From Vol. 4, Issue 1, January 2022
Stoic joy is found in the journey
Stoicism and joy
When you tell most people that your philosophy of choice is Stoicism or that you profess to be influenced by Stoic ideas, a few things will come to their mind, but joy is unlikely to be one of them even though the Roman philosopher and statesman, Seneca the Younger advised his friend Lucilius:
Above all, my dear Lucilius, make this your business: learn how to feel joy.” - Seneca, Letter 23.3.
Are Stoics joyless?
“joyless” or “emotionless” perhaps results from the fact that a core Stoic tenet is that a complete sense of human happiness or flourishing (obtaining eudaimonia) is not necessarily a pleasurable experience but instead one rooted in reason. This means that joy is a product of the equanimity that comes with knowing that you alone are responsible for your attaining of that flourishing. Furthermore, in their steps towards eudaimonia, a Stoic practitioner will experience the joy that comes from seeing progress in the cultivation of a better character.
STOIC, Stoicism isn’t merely about us as individuals but rather our role in the world community. Thus, there is also a joy to be had in the resulting improved relationships you have with yourself, your family, colleagues, local community, and wider world.
Joy rooted in deep meaningful relationships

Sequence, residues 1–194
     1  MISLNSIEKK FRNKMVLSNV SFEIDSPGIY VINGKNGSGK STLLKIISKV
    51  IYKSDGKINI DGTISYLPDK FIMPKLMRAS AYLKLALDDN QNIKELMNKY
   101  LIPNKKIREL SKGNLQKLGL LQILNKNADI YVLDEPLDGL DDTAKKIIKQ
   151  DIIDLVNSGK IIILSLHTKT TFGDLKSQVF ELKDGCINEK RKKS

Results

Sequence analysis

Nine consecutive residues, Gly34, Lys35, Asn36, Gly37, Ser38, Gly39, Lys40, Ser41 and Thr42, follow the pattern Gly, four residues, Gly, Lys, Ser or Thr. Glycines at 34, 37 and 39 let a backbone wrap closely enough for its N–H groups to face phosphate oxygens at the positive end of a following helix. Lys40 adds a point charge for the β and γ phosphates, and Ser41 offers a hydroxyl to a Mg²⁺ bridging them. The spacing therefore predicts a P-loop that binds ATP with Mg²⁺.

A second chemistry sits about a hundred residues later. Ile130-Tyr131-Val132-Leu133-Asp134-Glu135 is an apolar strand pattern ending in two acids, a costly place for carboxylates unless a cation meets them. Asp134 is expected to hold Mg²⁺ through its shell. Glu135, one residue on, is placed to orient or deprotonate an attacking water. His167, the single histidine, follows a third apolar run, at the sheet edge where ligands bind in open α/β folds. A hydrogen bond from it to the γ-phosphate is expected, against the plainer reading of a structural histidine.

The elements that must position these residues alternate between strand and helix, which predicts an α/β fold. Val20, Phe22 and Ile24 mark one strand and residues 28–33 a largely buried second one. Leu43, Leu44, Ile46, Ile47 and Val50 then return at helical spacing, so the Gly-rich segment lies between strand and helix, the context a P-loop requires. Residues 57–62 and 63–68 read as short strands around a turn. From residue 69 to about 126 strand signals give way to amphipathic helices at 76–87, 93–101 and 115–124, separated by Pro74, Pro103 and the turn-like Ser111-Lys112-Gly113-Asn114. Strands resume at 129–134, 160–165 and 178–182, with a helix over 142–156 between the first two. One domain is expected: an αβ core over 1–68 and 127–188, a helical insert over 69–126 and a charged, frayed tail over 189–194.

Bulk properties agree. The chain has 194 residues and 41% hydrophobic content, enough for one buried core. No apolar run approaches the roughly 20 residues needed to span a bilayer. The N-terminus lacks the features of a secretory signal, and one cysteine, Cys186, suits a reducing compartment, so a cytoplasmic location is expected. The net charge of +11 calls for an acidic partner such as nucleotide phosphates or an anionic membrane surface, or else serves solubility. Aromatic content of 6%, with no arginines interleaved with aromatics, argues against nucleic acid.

By extension, if Stoics are to find a sense of joy, it is not the kind of joy that merely makes us happy in the moment, because we ate our favourite ice cream, but the joy that is rooted in the development and maintenance of deep meaningful relationships and because of the decisions we took to encourage them to bloom.
After all, Stoicism isn’t merely about creating headspace by focussing on only what is up to us and letting everything else go. On the contrary, it’s about distinguishing between what is up to us and what isn’t, so we give ourselves the power to help ourselves and support those that our life touches. It is about giving ourselves headspace so we can have a greater positive impact in our communities because we are no longer bogged down by the petty or the pointless but driven by a purpose that goes beyond the self. This is in effect what Seneca says in the letter we quoted above:
Do you ask what is the foundation of a sound mind... knowing what to rejoice in – finding prosperity in that which no one else can control. - Seneca, Letter 23.2
Joy is the journey to eudaimonia
eudaimonia as any emotion that is derived from the ability to reason and not a mere reaction to something we like. Stoic joy is a product of a deep dive into what it means to progress along the path of human flourishing and the peace of mind that comes when the superficial slips away.
Kai Whiting is a coauthor of Being Better: Stoicism for a World Worth Living In. He is a researcher and lecturer in sustainability and Stoicism based at UCLouvain, Belgium. He Tweets @kaiwhiting and is a co-founder of the WalledGarden.com, a place for Stoic community, discussions and debates!
Santara Gonzales is the executive director and cofounder of Wisdom Unlocked, a non-profit organisation that uses Stoic principles to help people cultivate good character in difficult circumstances.